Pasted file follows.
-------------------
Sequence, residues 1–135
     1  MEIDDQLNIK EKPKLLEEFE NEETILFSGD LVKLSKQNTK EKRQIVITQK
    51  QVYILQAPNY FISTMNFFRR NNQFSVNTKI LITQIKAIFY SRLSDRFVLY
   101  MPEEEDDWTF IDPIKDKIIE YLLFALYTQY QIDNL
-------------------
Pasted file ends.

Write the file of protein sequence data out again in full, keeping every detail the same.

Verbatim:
Sequence, residues 1–135
     1  MEIDDQLNIK EKPKLLEEFE NEETILFSGD LVKLSKQNTK EKRQIVITQK
    51  QVYILQAPNY FISTMNFFRR NNQFSVNTKI LITQIKAIFY SRLSDRFVLY
   101  MPEEEDDWTF IDPIKDKIIE YLLFALYTQY QIDNL